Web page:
Love & Sex Magazine

Humorous, Adventurous Rapists

By Maggiemcneill @Maggie_McNeill

Yo ho, yo ho, a pirate’s life for me.
We pillage and plunder, we rifle and loot.
Drink up me ‘earties, yo ho.
We kidnap and ravage and don’t give a hoot.
Drink up me ‘earties, yo ho.

Yo ho, yo ho, a pirate’s life for me.
We extort and pilfer, we filch and sack.
Drink up me ‘earties, yo ho.
Maraud and embezzle and even highjack.
Drink up me ‘earties, yo ho.
 –  X Atencio

Humorous, Adventurous RapistsI often struggle to comprehend the incredible ability of the modern mind to not only reconcile cognitive dissonance, but to apparently function without even being aware of its existence.  Last week we had to endure the false “controversy” over Disney’s announcement that it was making changes in the animatronic figures featured in the 1960s-era Pirates of the Caribbean ride.  The story was covered in a number of places, but the writer from The Mary Sue made it easiest to zero in on the point I wish to make, so here she is:

Starting next year, Disney’s “Pirates of the Caribbean” ride will no longer include the iconic Auction scene as we know it, in which animatronic “wenches” are sold as potential brides.  The pirates in the scene chant “we want the redhead,” but that redhead will now be reimagined as a pirate herself.  In a statement…Senior VP of Imagineering Kathy Mangum said, “We believe the time is right to turn the page to a new story in this scene, consistent with the humorous, adventurous spirit of the attraction.”  I took regular vacations to Disneyland growing up and absolutely loved the Pirates ride.  Yet I do remember, even as a child, finding something off about this scene.  I never tried to articulate it, and didn’t yet know terms like sex trafficking, but I did know that these women for sale weren’t in keeping with that “humorous, adventurous spirit” that permeates the rest of the ride…

So Vivian Kane, like so many puffed-up prudes, imagines she can project her adult feelings back into her child self, pretending that she “knew” there was something about the slave auction scene that “wasn’t in keeping” with the other activities of pirates.  Which other piratical activities, pray tell, is slave-taking “not in keeping” with, Vivian?  Robbery?  Kidnapping?  Arson?  Extortion?  Torture?  Murder?  I mean, it’s not like the famous song heard throughout the ride doesn’t list them.  In order: “We pillage, plunder, rifle, loot, kidnap, ravage, extort, pilfer, filch, sack, maraud, embezzle, hijack, kindle, char, enflame & ignite.”  Most of these are synonyms for “steal”, the last few connote arson, and though murder is basically cheated of a direct reference, it’s present as the warning “Dead men tell no tales” (intoned earlier in the spookier part of the ride).  But “kidnap and ravage” in the first verse there is pretty clear; it’s a nicer way of saying “abduct and rape”.  Because despite the weird 21st -century idea that pirates are somehow humorous, whimsical characters with ridiculous vocal mannerisms, they are actually (note the tense; they’re not mere historical figures) violent criminals, hijackers and robbers at sea with little compunction against mayhem, torture, murder and yes, rape.  But while nobody has yet managed to sell the idea of a humorous ride centering around terrorists, a kids’ movie series about carjackers or a “Talk Like a Rapist Day”, somehow pirates (bizarrely conceived as forever locked in the late 17th century) have been stripped of basically all of their realities (except maybe the ships) and re-imagined as lovable seafaring clowns led by strangely gender-and-sexual-orientation-ambiguous performance artists with highly idiosyncratic fashion senses.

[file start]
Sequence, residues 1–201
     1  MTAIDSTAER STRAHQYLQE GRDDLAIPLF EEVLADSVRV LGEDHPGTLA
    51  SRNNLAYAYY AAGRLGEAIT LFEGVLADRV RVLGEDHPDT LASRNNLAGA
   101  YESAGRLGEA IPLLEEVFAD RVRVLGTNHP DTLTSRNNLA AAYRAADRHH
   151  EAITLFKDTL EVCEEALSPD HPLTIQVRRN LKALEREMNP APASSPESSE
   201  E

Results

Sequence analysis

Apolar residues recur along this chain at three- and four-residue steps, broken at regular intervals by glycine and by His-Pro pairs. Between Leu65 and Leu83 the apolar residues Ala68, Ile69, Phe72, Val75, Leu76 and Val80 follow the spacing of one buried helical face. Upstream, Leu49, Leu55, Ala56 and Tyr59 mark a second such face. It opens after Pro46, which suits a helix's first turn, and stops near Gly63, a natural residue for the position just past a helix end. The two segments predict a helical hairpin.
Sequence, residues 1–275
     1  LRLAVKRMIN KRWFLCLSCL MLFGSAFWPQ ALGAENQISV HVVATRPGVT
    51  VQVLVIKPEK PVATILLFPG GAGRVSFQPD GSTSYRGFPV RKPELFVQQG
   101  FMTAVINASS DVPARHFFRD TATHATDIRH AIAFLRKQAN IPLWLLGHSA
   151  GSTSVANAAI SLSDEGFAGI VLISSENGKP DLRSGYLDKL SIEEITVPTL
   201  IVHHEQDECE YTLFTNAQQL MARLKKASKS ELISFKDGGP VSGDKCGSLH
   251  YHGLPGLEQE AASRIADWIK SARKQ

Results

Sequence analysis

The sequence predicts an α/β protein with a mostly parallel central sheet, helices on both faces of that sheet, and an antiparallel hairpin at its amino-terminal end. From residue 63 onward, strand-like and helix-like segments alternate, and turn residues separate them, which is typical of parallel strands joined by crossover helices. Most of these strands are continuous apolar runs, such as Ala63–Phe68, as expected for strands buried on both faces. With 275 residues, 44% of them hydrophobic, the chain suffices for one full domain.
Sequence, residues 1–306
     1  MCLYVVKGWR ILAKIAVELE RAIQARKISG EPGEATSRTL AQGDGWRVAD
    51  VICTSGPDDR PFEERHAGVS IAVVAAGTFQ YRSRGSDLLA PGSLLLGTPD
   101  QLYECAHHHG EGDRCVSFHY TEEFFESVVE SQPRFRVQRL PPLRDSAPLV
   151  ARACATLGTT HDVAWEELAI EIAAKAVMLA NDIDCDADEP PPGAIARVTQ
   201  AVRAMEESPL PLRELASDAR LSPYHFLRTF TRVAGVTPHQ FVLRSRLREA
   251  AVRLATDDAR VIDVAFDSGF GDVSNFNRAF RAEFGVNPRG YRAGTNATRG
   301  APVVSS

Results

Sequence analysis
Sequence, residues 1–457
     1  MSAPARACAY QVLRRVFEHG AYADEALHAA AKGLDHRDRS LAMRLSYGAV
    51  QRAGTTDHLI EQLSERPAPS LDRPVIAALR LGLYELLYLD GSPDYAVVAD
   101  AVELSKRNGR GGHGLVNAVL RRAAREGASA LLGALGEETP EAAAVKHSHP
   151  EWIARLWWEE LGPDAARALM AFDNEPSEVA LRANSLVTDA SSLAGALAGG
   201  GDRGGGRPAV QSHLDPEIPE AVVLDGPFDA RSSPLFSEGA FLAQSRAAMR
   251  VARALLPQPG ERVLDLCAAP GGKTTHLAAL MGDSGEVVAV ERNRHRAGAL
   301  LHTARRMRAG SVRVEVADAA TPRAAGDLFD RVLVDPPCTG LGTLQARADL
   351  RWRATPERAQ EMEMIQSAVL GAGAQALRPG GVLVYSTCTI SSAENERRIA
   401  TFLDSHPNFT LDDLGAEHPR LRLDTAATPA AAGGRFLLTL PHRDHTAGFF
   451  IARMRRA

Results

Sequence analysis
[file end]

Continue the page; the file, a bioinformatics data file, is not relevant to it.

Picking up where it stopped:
Now, I’m not arguing against black humor; I’m actually a fan of it, and plays like Arsenic and Old Lace are among my favorites.  I see absolutely no problem with using very nasty subjects such as theft, murder, insanity, war, tyranny and yes, even rape and slavery, in entertainment (even humorous entertainment), provided it’s done competently (“dead hooker” jokes are badly overused & I’ve never seen one act as anything but a cheap laugh).  And the historically-illiterate man-children who have a problem with the existence of female pirates can sit and spin; here are two articles to start the rotation.  My problem is the neo-Victorian pretense that rape (and by extension, sexual slavery) is one topic that is absolutely off-limits, even when depicting fictional characters who joyfully commit every other crime of violence imaginable, including murder and torture!  Another example of the same asininity is provided by “feminists” who moan lugubriously about the lyrics of the Rolling Stones songs “Under My Thumb” and “Brown Sugar”, while failing to notice that the narrator of “Sympathy for the Devil” is boasting about having caused murder, war and genocide (because clearly, sexual exploitation of one single woman is much worse than the Holocaust).  This is the old “fate worse than death” argument writ large across the face of our whole decaying culture; it’s worse than ridiculous, it’s completely deranged.  If murder, piracy and the sack of whole cities are fit subjects for a “humorous, adventurous” amusement-park dark ride, so is “sex trafficking”; and if Disney’s going to start removing all subjects of moral panic from its properties, I’d like to see how it’s going to replace all of those witches.Humorous, Adventurous Rapists


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